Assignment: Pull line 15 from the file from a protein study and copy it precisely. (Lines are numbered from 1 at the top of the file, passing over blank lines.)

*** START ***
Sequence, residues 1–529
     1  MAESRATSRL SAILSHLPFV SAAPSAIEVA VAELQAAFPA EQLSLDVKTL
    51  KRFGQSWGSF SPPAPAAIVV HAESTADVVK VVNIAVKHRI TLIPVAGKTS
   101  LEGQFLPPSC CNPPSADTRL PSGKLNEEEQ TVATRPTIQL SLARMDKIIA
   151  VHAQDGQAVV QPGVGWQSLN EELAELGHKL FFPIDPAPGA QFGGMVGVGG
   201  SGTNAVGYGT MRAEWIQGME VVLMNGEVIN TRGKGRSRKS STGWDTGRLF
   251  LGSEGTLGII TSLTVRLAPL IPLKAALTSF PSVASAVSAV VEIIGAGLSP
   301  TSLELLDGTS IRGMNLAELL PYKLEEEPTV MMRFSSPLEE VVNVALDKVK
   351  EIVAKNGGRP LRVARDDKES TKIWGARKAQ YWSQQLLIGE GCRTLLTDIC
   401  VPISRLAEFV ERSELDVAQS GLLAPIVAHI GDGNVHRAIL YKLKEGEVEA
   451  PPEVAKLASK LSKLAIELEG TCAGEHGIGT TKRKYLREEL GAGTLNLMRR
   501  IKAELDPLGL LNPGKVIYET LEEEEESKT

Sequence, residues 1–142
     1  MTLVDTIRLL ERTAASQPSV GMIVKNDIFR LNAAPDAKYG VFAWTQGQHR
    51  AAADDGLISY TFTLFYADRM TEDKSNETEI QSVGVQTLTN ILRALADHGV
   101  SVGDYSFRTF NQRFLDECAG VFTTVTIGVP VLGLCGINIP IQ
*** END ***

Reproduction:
    51  AAADDGLISY TFTLFYADRM TEDKSNETEI QSVGVQTLTN ILRALADHGV